As a general rule placing a disclaimer on the website is not effective to legitimize a disputed domain name, although a legitimate reason for one cannot be ruled out. Disclaimers have been found appropriate in two circumstances, legitimate use of trademark for a bona fide offering of goods or services, car parts for example, DaimlerChrysler A.G. v. Donald Drummonds, D2001-0160 (WIPO June 18, 2001) (<Mercedesshop.com> and for noncommercial, fair use and free speech, Covance, Inc. and Covance Laboratories Ltd. v. The Covance Campaign, D2004-0206 (WIPO April 30, 2004). Respondents in both cases placed clear disclaimers of any association or relationship with the Complainant which were found appropriate.
But, in other circumstances, disclaimers merely bolstered respondents’ bad faith because their uses were inconsistent with their professions that they were offering bona fide goods or services. Including a disclaimer “actually proves the knowledge of the Complainant’s mark,” Société pour l’œuvre et la mémoire d’Antoine de Saint Exupéry-Succession Saint Exupéry – D’Agay v. The Holding Company, D2005-0165 (WIPO June 9, 2005). And, adding a disclaimer after receipt of the complaint does not cure a respondent’s acts “because the appropriate behavior to consider is Respondent’s behavior prior to its receipt of notice from the Complainant,” Vide Universal City Studios, Inc. v. G.A.B. Enters., D2000-0416 (WIPO June 29, 2000) .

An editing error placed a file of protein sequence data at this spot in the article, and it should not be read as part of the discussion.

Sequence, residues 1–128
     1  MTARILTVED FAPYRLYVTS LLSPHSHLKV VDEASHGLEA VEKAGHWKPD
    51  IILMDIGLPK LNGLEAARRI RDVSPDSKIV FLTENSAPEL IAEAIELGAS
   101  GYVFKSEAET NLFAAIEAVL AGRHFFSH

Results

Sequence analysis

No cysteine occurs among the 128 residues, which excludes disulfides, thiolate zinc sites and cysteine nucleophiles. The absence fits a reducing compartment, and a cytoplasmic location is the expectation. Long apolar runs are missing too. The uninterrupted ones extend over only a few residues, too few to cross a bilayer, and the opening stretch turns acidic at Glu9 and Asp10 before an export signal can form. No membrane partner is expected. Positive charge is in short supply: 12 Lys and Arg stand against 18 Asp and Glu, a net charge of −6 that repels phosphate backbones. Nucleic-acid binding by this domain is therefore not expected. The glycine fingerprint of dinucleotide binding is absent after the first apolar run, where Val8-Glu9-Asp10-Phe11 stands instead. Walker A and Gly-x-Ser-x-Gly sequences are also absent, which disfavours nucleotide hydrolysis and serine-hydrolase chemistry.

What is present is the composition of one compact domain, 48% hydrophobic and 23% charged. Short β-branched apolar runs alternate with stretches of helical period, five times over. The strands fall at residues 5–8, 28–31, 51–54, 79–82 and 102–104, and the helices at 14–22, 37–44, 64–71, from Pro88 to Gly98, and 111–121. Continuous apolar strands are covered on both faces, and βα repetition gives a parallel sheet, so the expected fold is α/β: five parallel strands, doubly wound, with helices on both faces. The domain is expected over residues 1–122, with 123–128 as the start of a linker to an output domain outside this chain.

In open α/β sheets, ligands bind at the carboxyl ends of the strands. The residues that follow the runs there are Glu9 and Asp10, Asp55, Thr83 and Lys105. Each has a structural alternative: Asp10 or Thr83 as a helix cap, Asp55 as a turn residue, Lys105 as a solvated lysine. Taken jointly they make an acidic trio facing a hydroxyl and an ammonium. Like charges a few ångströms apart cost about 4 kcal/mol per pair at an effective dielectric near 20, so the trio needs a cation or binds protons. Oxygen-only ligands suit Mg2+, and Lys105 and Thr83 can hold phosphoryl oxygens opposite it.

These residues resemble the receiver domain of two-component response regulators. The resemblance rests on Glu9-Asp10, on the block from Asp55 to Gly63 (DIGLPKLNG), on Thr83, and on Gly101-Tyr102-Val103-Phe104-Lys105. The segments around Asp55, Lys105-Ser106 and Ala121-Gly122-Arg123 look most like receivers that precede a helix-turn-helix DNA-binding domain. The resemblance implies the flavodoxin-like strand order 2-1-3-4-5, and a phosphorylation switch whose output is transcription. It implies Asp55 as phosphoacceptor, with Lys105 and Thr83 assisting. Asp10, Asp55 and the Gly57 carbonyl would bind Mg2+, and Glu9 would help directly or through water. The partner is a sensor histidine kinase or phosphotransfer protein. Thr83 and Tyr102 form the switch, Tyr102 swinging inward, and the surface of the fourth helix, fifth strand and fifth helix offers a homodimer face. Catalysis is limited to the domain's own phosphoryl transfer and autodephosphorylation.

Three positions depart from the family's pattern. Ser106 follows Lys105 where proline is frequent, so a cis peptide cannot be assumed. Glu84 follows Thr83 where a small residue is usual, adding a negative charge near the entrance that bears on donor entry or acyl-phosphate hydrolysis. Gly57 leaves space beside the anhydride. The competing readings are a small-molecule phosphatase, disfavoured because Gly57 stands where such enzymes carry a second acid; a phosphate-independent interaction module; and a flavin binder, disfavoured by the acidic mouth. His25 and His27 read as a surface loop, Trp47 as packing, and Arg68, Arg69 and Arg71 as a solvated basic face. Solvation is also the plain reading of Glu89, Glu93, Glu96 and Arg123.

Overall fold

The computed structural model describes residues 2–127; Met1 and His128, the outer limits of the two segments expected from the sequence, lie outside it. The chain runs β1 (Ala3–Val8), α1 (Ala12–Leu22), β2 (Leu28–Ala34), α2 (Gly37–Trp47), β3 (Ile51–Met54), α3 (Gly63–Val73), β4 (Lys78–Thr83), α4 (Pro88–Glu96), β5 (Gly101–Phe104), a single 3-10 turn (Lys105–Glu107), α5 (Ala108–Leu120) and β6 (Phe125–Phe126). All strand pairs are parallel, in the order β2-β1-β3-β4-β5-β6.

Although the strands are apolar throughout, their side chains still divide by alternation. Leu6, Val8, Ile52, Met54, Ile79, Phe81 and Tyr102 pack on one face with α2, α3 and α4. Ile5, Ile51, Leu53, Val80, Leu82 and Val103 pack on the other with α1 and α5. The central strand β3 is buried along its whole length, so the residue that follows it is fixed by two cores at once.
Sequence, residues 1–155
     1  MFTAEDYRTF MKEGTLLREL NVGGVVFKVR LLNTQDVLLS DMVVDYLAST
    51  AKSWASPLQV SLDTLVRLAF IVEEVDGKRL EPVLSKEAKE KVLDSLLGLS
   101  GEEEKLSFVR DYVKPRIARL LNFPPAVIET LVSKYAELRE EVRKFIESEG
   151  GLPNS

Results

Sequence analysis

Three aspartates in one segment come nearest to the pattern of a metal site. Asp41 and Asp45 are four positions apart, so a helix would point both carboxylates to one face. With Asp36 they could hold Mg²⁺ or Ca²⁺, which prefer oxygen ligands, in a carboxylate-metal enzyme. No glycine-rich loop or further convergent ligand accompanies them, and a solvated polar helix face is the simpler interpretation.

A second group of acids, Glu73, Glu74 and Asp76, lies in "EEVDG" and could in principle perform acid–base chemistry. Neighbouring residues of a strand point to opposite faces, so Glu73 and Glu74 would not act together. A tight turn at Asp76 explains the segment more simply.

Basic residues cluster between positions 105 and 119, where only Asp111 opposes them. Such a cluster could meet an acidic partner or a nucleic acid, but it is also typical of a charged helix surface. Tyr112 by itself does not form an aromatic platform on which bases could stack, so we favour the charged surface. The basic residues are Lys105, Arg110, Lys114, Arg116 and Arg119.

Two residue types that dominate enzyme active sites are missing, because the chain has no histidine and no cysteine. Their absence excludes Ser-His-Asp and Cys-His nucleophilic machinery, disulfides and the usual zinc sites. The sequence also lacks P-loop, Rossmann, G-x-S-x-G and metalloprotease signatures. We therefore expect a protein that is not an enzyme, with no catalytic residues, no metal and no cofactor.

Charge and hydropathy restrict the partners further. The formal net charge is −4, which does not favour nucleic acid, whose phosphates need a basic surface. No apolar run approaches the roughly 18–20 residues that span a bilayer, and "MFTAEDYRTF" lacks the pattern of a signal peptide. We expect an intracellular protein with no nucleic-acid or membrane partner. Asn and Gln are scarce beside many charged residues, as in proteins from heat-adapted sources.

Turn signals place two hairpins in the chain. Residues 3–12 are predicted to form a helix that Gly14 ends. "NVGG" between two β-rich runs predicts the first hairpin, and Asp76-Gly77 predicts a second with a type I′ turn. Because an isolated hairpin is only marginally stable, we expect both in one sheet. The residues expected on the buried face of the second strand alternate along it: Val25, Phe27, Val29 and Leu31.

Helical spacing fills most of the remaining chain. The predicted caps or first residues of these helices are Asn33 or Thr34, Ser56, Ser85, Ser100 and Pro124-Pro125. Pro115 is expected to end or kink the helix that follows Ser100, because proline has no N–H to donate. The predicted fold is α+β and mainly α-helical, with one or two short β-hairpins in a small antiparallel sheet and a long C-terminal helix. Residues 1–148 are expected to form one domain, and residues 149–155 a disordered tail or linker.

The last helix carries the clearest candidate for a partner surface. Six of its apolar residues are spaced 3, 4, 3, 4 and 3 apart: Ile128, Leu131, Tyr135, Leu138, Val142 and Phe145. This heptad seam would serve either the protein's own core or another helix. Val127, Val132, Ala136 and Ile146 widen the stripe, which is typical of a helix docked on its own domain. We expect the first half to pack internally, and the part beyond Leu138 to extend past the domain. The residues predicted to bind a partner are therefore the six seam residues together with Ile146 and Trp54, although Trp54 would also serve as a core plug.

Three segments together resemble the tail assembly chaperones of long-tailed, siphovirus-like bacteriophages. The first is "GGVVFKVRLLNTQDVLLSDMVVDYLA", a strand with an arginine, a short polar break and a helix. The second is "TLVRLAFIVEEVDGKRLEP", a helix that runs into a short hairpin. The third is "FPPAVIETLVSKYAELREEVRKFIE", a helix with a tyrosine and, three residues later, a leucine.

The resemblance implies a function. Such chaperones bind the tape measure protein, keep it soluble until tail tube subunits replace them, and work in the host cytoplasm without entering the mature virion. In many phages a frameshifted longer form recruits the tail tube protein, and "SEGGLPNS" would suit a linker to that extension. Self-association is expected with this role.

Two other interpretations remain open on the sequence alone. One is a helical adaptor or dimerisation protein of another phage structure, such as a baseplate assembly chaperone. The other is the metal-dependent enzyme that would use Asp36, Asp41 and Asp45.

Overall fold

Two recent examples of disclaimers bolstering bad faith are Sanofi-Aventis, Aventis Pharma SA, Aventis Pharmaceuticals Inc. v. Syragon LLC., D2010-0331 (WIPO May 3, 2010) (<masacortnasalspray.com>) and AM General LLC v. CDC, FA1004001316858 (Nat. Arb. Forum May 14, 2010) (xhumvee.com>). In both cases the Respondents believed that they were doing the Complainants a favor. The Sanofi-Aventis Respondent “consider[ed] [offering information] both fair to the Complainants and generally helpful to the public.” The AM General Respondent alleged that the domain name “actually enhances the good will of Complainant by generating interest in a product to the private sector which cannot ordinarily acquire [refurbished and customized Humvees] from AM General.”
To succeed with these arguments the truth has to be matched with evidence. The Respondent in AM General made extravagant assertions about its business but evidentiary support there was none. When a party asserts a reputation or stakes out a position it owns it; it has to show that what it alleges really exists; that there is reality not bluster. The Sanofi-Aventis Respondent diverted Internet users to commercial sites offering the Complainants’ product, but there were also links to competing products. In these contexts, disclaiming is merely form not substance. Only when the disclaimer is consistent with the message is it successful. It is never successful when it is nothing more than persiflage.